Stock options? Friend or foe? It's easy to see it both ways. It's the Dueling Fools Way.

Stock options cause a particularly high level of confusion -- if not outright apprehension -- for some investors. They see stock options as a speculative game. It can certainly be played that way, but stock options aren't just for wild traders. Something as simple as selling a covered call may prove to be one of the tamest equity investing strategies.

That's where financial editor Jim Fink comes in. He's bullish on options as an effective tool in improving financial performance. Options are big business. Last week alone, there were 18.6 million calls, and 13.3 million puts were traded.

Big news or even a whiff of speculative fervor can perk up option activity, like the 57,000 Sun Microsystems (NASDAQ:SUNW) options that were traded in a single day last week, when the market began to wonder whether Sun and Google (NASDAQ:GOOG) would be beefing up their software alliance in an effort to take on rival Microsoft (NASDAQ:MSFT) more aggressively.

Naturally, we have the flipside to options. Not only can an options trader take on too much risk, but investors can also feel the sting from another form of stock option usage -- as an incentive to corporate executives. That's where Chuck Saletta, our bear this week, is digging in his claws. He thinks employee stock options are a privilege that can easily be abused by self-serving executives.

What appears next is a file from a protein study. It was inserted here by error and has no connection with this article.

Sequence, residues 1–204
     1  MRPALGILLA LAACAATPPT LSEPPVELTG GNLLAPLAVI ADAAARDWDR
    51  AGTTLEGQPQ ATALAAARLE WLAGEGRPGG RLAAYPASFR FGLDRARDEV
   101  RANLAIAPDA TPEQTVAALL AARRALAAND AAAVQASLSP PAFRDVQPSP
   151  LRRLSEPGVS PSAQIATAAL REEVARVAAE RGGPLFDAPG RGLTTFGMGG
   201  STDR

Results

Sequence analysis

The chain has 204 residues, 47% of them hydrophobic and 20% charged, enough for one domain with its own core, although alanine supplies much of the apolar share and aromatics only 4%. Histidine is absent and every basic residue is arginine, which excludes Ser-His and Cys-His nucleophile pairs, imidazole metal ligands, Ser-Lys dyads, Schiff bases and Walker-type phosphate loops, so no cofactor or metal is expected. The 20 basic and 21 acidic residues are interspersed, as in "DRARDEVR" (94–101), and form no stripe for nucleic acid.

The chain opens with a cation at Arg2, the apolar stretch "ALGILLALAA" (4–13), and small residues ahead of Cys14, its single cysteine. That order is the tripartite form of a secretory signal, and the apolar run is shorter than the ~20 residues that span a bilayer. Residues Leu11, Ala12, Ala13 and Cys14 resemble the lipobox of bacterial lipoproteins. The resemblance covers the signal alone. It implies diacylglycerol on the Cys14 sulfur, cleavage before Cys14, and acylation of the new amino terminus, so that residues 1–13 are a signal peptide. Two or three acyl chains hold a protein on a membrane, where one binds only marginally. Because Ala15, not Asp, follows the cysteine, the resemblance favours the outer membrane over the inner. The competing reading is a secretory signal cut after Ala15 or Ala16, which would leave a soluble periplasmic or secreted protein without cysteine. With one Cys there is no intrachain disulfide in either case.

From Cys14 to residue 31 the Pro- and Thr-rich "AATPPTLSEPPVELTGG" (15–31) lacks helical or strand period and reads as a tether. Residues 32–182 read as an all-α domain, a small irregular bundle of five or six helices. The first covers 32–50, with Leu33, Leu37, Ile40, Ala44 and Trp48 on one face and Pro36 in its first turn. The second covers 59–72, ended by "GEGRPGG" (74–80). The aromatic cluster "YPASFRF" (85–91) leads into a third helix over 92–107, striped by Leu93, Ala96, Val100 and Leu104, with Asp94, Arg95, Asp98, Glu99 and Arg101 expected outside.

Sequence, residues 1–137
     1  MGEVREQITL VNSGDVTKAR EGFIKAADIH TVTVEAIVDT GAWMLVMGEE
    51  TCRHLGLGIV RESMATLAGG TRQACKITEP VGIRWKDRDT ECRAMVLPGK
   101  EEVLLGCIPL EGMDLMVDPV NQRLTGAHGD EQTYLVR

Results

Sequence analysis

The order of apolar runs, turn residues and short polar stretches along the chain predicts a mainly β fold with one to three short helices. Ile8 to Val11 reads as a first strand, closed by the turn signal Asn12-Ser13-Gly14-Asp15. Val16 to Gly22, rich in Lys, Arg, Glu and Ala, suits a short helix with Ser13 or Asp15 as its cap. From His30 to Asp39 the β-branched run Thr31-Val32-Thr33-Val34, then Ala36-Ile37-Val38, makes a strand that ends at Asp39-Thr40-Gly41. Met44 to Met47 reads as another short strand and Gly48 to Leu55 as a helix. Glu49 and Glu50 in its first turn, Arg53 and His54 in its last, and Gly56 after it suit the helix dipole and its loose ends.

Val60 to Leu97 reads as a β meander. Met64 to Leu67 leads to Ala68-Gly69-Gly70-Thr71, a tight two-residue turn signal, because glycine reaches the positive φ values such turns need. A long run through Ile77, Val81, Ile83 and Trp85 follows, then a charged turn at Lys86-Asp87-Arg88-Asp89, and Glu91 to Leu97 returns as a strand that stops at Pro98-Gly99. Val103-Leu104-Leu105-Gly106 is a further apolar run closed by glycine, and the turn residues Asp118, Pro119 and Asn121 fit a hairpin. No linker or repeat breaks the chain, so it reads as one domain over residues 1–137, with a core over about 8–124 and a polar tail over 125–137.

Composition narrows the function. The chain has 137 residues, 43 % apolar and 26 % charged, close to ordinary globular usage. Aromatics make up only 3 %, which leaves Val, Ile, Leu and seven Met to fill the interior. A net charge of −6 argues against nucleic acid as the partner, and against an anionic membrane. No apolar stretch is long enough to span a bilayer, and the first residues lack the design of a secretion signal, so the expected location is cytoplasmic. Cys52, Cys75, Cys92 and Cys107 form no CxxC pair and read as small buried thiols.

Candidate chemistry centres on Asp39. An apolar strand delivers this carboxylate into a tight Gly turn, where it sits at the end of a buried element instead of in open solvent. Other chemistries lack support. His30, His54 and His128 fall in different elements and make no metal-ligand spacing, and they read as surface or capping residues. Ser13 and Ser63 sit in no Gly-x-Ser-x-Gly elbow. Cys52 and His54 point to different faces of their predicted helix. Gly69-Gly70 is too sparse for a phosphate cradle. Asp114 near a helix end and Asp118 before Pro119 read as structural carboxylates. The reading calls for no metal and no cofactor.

We'll explore both sides this week. There won't be any rebuttals this time, as you'll find in our stock-based bouts, but I trust you'll find it interesting all the same.

Duel on!

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Wait! You're not done. Once you've read Jim's Bull argument and Chuck's Bear case, you can vote and let us know who you think won this Duel.